Following up on the previous posting on this subject, answering the question What is liberalism? is key to understanding the life and times of John Henry Newman, particularly since what has baffled many Newman scholars is the fact that he claimed to be against all forms of liberalism and yet held many opinions and took many positions that people today regard as liberal. Part of this may be due to the possibility that Newman seems to have had trouble viewing this world as anything other than a temporary stopping place on the way to the next.
Civil institutions, even the domestic society of the family simply did not hold Newman’s focus the way religion did. He accepted the world outside organized religion as a given, but at times seemed baffled by it, as well as by many human relationships and domestic institutions. It is probably safe to say he never truly understood how many other people, even those who seemed most receptive to the message and meaning of religion, could not seem to conform themselves as completely as they ought to the demands of a God-centered life.
Thus, the critical differences between the various types of liberalism in civil society, while essential to come to an understanding of how religious society — organized religion — fits into the rest of life, were not really of concern to Newman. His focus was the effect of liberalism on religious society, and what he saw appalled him.
|Pope Pius IX|
This is understandable. In English type liberalism, the unintended ideal (to invent a concept) was a Church controlled by the State, or a State controlled by the Church. Although the ostensible intent was to join the “two swords” of authority to avoid a conflict of interest on the part of citizens, the arrangement inevitably led to a religious or secular theocracy with those who were not members of the established church tolerated at best as second-class citizens. Religious doctrine would be subject to political expedience, or political decisions would be made to advance religion, depending whether the civil power or the religious power was in the ascendant.
European type liberalism cut out the intermediate step of establishing religion and asserted either a secular state or a religious state directly. Admittedly, in the nineteenth century few people would have tolerated the establishment of a new religious state, especially since under Pius IX an unsuccessful effort had been made to separate the civil and the religious powers in the Papal States.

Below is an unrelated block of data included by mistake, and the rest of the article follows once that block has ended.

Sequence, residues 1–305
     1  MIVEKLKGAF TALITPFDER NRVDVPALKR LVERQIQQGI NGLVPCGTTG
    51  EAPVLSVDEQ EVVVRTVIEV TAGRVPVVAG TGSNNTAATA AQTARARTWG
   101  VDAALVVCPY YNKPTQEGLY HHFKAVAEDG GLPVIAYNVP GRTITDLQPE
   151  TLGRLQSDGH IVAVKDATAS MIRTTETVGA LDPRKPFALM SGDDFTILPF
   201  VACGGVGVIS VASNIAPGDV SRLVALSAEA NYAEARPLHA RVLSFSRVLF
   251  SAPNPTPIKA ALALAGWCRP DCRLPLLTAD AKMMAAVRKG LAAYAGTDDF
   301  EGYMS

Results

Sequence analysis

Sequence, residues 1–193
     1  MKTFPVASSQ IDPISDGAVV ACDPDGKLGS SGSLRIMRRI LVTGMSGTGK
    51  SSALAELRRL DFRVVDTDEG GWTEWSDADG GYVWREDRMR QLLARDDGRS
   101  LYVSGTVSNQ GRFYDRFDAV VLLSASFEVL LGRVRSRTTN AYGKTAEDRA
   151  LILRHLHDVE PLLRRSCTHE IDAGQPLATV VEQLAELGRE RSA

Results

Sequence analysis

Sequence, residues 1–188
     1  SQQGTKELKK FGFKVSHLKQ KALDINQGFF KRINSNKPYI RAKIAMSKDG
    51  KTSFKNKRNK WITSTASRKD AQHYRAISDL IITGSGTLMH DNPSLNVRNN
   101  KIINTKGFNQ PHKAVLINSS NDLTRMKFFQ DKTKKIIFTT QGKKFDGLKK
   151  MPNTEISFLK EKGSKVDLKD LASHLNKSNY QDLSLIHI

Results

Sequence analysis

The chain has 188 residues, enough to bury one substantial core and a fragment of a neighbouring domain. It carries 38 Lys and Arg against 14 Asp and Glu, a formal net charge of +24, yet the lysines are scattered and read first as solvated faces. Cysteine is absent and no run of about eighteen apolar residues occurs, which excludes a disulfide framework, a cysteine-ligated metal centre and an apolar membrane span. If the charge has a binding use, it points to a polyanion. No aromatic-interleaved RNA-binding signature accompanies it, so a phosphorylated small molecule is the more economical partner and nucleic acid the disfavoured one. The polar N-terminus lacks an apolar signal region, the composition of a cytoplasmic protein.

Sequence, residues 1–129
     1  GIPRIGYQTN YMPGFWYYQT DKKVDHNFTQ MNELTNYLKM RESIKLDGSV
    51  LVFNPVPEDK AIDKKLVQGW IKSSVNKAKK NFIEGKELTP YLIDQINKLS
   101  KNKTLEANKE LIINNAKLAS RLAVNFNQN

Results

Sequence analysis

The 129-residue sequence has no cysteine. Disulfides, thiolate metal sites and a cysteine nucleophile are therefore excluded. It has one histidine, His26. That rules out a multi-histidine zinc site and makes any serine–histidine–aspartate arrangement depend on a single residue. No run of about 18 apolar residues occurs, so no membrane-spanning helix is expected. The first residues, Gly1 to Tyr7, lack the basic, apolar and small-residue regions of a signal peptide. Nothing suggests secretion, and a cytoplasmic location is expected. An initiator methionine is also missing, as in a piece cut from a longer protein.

|Joseph-Marie, comte de Maistre|
Ultramontane proposals such as those of Joseph-Marie, comte de Maistre (1753-1821) and Hugues-Félicité Robert de Lamennais (1760-1854) before he renounced Christianity (yes, surprising many, ultramontanism is a school of thought derived from European type liberalism) never found many advocates. Nor were the “New Christian” and neo-pagan arrangements of Claude Henri de Rouvroy, comte de Saint-Simon (1760-1825) and Auguste Comte (1798-1857), respectively, any more attractive, although gaining sufficient adherents on occasion to justify experiments.
Only in the United States were utopian socialist experiments in any degree successful. In America enthusiasts (in the sense used by Monsignor Ronald Arbuthnott Knox, 1888-1957) established utopian communities as a matter of course. These included the Harmonist or Rappite (later Owenite) community at New Harmony, Indiana, the many “Phalanxes” established throughout the country under the initial leadership of Albert Brisbane (1809-1890) on a modified version of the detailed communities designed by François Marie Charles Fourier (1772-1837), and the transcendentalist Brook Farm shareholding commune in Massachusetts (later a Fourierist Phalanx).
|Archbishop John Ireland|
Secularist proposals ostensibly separating Church and State — but really establishing the State itself as the official religion — were more successful in Europe. Secularism did, however, gain adherents in the United States in the latter half of the nineteenth century. As Archbishop John Ireland (1838-1918) noted,
Secularists and unbelievers will demand their rights. I concede their rights. I will not impose upon them my religion, which is Christianity. But let them not impose upon me and my fellow-Christians their religion, which is secularism. Secularism is a religion of its kind, and usually a very loud-spoken and intolerant religion. Non-sectarianism is not secularism, and, when non-sectarianism is intended, the secularist sect must not claim for itself the field which it refuses to others. I am taking my stand upon our common American citizenship. The liberty that I claim, I grant. (Archbishop John Ireland, “State Schools and Parish Schools,” Address before the National Education Association of the United States, 1890.)